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"Bridging religious and cultural divides"

naresh babu gullapalliNaresh Babu Gullapalli is preparing to graduate from UTS' Master of Divinity program in May this year

NEW YORK - There are as many “conversion” and “come to Jesus” stories as there are stars in the night sky. From a distance they can look very much the same, but on closer inspection each one has its own peculiarities and incongruities that separate it from the others.

The story of Naresh Babu Gullapalli is one of these kinds of stories – oddly similar to so many others, yet so unique and different that it can’t really be called a story of faith, but, in fact, just the opposite, a story of non-faith, non-belief. A story of someone not running to Jesus, but running away from him.

Born into poverty in southern India to a young mother of 15, who herself had just gone through two life-changing experiences of her own just a year before at the age of 14: (1) she became a Christian in an almost exclusive Hindu-dominated society; and, (2) she became a wife through an arranged marriage.

Growing up in this Christo-Hindu environment gave Naresh the chance to reject not one, but two religions, and God as well. After all, if God was responsible for the world and its many problems, and also responsible for Hinduism, which as Naresh described it, “every week some god would rise up,” he concluded it better to simplify his life and be an atheist as opposed to an overwhelmed and confused believer.

However, with a burning desire to help his parents and his two younger sisters rise out of their poverty, Naresh turned his attention to the one thing he had some control over: his education. Through hard work and determination Naresh graduated in 2010 from a state university with a degree in civil engineering.

Then he set his sights on his next goal: the United States.

When Paul Rajan (UTS’10), former Director of Interfaith Development for UTS,  came to Naresh’s village and asked him if he would like to study at a seminary in New York City Naresh saw this as his “dream come true.” Convincing his recruiter that he was a devout Christian, Naresh applied for and received a visa to come to the U.S. to study.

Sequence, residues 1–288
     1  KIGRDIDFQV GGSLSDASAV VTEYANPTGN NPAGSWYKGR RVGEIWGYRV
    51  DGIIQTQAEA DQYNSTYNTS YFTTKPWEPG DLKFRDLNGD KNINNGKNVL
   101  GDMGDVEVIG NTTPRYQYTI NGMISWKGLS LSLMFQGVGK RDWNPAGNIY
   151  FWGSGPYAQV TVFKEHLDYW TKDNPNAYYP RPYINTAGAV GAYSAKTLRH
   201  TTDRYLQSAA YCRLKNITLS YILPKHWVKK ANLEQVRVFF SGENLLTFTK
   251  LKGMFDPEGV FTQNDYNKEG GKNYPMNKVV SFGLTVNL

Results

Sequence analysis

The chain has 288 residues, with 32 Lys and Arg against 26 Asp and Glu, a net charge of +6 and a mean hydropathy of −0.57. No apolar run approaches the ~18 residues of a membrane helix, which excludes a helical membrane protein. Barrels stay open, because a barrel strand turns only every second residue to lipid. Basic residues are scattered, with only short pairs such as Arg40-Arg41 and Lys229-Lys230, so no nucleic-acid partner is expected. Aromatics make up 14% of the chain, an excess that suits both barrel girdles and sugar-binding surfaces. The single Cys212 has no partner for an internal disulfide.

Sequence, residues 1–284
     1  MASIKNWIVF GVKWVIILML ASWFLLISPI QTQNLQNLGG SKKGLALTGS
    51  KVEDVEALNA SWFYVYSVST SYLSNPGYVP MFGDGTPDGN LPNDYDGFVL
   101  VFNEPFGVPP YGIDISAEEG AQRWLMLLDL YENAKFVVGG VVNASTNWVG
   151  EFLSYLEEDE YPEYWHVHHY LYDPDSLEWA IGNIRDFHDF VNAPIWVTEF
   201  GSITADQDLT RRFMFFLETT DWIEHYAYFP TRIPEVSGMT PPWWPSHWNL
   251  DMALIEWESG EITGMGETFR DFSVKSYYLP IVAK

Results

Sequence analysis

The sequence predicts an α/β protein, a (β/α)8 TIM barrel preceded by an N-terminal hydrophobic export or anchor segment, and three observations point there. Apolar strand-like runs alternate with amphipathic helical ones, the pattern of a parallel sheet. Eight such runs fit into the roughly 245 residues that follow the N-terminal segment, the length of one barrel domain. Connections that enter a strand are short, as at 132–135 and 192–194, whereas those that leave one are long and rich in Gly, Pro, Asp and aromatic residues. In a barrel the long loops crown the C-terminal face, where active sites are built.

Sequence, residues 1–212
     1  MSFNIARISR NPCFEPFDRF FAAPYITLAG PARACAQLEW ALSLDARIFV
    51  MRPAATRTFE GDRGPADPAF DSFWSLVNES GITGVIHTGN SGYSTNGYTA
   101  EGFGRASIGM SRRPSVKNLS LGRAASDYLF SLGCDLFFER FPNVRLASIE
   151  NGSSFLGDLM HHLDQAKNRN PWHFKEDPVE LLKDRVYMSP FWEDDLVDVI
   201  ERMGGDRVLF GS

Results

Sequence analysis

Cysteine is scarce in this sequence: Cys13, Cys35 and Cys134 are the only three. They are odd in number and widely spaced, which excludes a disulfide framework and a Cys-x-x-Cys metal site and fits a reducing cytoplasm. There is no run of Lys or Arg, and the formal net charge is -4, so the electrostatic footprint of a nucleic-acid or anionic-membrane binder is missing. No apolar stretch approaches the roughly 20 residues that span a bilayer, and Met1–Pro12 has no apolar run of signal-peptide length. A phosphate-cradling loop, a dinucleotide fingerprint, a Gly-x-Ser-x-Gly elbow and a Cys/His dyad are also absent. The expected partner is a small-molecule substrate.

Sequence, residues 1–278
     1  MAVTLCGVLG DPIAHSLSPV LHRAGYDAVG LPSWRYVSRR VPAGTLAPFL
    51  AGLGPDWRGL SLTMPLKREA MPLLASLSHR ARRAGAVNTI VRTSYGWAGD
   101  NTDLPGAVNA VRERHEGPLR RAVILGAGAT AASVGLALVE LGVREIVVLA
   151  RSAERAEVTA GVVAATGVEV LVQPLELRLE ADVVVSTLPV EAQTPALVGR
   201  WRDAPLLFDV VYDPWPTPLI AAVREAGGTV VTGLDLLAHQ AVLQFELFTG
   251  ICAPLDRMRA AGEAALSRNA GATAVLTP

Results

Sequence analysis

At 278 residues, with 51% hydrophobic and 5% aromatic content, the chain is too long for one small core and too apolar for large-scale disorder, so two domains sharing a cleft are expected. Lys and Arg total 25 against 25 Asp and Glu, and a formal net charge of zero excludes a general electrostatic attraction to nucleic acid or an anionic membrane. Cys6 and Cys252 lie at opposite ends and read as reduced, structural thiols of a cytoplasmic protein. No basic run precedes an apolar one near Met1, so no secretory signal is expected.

"I forgot that I was in a seminary college and that I had to write my papers. I was in a New Testament class and I had to read the gospels to do my papers. That was a life-changing moment for me."Naresh B. Gullapalli


While Naresh saw this as his chance to fulfill the dream of helping his family, his mother saw it from a different perspective. For her, it was an answer to her prayers and the belief that God had a plan for her son that he could not see.

“My mom always kept me in her prayers,” recalled Naresh. “She said I should trust in God and He would open doors for me. I said, ‘no, no, no, I trust me.’ This was always the battle between me and my mom.”

Arriving in New York in September, 2011, Naresh began his studies. Knowing he was alone in a new place, his mother again encouraged him to attend church, which Naresh resisted.

The one thing Naresh never really thought about, however, was that at UTS he would be taking courses focusing on Christian beliefs and practices, the study of the Bible and, most importantly, the New Testament and the life of Jesus.